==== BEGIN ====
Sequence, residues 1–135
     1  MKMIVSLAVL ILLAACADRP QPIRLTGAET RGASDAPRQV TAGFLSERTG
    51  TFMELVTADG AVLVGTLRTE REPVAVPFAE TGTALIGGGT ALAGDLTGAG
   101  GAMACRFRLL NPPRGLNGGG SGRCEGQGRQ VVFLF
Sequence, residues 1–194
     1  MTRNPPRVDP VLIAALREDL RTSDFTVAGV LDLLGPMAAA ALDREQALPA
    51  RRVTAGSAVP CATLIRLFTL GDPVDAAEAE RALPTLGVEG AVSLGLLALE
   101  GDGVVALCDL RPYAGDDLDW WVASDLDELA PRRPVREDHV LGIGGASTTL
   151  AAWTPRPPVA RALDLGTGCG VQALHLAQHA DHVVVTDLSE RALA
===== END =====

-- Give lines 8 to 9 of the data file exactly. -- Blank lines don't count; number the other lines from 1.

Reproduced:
   101  GDGVVALCDL RPYAGDDLDW WVASDLDELA PRRPVREDHV LGIGGASTTL
   151  AAWTPRPPVA RALDLGTGCG VQALHLAQHA DHVVVTDLSE RALA